Does your organization have a Facebook page? These numbers should be significant motivators for establishing that page and if you do have one, to spend more time curating the content and communicating to your supporters—and as a result reaching their friends with your messages.

Making a Difference: Online versus Offline

The survey found that 94% somewhat or strongly agreed that supporting a cause or charity in person makes them feel like they are making a difference. This was not much higher than the 92% that said donating money makes them feel like they are making a difference. Another 78% said that supporting a cause through social media makes them feel like they are making a difference. So you can see that in person and face-to-face does have a bigger impact, but social media is still ranked pretty high.

The survey found that the big advantage of social media was convenience:

  • 67% said they can support the cause at a convenient time.
  • 64% said it takes less time.
  • 56% said it gets the word out more quickly.
  • 53% cited ease of demonstrating their support.

Don’t forget that this applies to your online donation pages as well—make it easy and ubiquitous on your website. Plus, provide a Facebook link so people can share that they’ve supported your programs and cause.

Storytelling: Making Action Happen

In addition to influencing your supporters and the cascade effect of their own influence, social media can drive action. From this study a significant 55% of social media followers have been inspired to take further action. That action included:

  • 68% donated money.
  • 53% volunteered.
  • 52% donated clothing, food, or other items.
  • 43% attended or participated in an event.
  • 40% purchased a product to benefit the cause.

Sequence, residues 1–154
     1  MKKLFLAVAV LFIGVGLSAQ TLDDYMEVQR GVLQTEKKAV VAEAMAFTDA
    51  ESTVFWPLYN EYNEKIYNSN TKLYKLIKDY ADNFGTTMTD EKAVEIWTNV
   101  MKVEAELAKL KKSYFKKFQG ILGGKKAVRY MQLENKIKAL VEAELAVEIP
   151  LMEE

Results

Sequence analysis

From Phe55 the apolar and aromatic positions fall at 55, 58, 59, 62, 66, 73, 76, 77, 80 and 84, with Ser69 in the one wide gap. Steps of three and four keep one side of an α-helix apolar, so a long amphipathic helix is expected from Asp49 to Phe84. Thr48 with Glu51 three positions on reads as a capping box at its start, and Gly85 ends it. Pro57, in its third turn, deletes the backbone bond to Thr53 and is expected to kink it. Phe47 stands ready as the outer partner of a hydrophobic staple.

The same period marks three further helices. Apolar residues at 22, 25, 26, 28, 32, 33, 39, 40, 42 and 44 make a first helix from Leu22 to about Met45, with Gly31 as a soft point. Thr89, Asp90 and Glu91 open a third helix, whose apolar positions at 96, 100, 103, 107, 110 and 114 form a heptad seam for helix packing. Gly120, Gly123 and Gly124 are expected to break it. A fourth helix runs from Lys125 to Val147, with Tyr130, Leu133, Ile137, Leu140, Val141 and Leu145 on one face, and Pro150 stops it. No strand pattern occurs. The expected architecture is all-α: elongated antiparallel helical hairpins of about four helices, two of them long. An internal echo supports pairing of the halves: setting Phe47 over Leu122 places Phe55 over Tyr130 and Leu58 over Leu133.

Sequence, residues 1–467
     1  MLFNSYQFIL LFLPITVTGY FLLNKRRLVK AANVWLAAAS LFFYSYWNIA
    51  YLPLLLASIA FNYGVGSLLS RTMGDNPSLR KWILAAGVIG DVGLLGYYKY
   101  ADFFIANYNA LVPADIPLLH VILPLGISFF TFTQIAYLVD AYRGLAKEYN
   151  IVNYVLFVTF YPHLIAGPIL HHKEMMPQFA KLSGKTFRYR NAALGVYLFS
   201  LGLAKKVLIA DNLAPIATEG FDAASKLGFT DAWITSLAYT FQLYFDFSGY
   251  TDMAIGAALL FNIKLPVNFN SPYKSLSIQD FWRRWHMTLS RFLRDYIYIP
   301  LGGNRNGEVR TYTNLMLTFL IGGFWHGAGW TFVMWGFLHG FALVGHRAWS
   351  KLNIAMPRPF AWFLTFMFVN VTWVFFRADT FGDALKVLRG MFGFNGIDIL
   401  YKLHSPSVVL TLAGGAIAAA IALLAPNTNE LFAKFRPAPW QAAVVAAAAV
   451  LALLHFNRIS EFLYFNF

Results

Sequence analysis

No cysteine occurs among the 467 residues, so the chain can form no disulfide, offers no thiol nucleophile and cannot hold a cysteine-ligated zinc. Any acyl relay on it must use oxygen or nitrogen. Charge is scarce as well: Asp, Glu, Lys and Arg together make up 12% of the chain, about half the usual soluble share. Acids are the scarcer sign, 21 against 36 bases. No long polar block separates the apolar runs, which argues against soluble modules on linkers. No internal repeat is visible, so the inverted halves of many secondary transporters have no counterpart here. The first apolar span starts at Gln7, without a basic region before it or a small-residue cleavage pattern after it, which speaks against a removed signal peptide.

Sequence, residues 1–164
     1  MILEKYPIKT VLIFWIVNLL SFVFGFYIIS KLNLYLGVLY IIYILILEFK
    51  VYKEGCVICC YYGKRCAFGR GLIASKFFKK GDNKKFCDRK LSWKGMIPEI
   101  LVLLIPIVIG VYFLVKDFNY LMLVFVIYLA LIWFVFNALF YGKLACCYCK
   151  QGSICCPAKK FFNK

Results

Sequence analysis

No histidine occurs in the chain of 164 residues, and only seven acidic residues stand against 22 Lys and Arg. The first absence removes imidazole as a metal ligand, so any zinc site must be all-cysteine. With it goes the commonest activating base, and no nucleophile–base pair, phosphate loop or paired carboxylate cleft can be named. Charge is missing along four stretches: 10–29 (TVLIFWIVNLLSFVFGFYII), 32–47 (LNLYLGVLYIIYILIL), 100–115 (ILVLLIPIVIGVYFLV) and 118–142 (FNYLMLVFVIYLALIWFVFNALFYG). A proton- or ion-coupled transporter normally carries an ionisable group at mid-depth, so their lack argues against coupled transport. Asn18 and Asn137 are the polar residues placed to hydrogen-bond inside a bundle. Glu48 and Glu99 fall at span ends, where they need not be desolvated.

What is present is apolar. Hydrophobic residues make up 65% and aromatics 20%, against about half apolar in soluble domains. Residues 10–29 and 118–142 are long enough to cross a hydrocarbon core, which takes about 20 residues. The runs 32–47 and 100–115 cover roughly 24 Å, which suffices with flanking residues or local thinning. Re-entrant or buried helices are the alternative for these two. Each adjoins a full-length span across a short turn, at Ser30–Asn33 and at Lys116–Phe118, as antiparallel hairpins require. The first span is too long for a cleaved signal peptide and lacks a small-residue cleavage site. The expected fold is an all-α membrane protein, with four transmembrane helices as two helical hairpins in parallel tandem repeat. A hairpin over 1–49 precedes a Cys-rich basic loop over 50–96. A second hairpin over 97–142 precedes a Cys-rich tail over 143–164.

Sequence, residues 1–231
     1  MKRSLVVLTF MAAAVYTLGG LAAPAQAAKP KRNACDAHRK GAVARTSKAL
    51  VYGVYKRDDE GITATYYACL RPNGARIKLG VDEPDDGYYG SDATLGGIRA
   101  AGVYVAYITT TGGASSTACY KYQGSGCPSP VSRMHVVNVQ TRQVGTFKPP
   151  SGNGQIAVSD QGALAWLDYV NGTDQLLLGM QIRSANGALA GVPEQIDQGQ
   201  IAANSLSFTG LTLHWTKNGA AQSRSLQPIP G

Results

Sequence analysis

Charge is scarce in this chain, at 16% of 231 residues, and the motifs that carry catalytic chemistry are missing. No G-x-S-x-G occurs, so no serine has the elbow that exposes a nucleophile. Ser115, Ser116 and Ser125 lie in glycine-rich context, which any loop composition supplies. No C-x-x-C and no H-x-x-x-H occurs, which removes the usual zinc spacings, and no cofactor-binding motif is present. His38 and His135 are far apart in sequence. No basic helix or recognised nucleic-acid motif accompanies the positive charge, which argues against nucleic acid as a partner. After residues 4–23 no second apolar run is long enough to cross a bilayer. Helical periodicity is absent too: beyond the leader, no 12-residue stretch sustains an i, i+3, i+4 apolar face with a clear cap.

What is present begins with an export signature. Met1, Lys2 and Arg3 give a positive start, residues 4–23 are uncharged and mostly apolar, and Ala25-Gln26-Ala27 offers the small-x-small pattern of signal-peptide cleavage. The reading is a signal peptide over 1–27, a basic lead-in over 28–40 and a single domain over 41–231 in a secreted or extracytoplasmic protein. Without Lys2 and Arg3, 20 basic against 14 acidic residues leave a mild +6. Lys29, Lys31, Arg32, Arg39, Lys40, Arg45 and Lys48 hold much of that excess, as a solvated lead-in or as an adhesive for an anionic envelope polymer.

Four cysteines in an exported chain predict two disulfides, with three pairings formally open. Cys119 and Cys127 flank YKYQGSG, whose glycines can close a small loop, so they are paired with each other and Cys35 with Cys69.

This is where the rubber meets the road. It’s how you can generate action based on your social media communication along with your growing list of followers, who now become financial and volunteer supporters.

There’s More!

This survey is rich with information on the impact of social media on influence as well as calls to action. I encourage you to look deeper, particularly at the section on Cause Influence Segments. Here they’ve identified four categories of supporters using behavior, demographics, and attitudes. Examining these categories can help you build an action plan designed to increase engagement with each segment or identify those with the highest chance of success for your organization.

Need some help navigating social media and communication plans or fundraising campaigns? Campaign Now has a great deal of experience and expertise working with nonprofits, associations and political campaigns on all aspects of communication and fundraising. Contact a specialist today here or call (855) 329-4327. Or you can sign up for our special offers and latest news.

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Jim Wilson

Jim Wilson

Jim Wilson is the founder of PathForeWord, a freelance writing and communication consulting service. He has over two decades experience working for the largest youth membership organization in the USA as director of communication services. He’s written on nonprofits, associations, journalism, technology, and the job search process.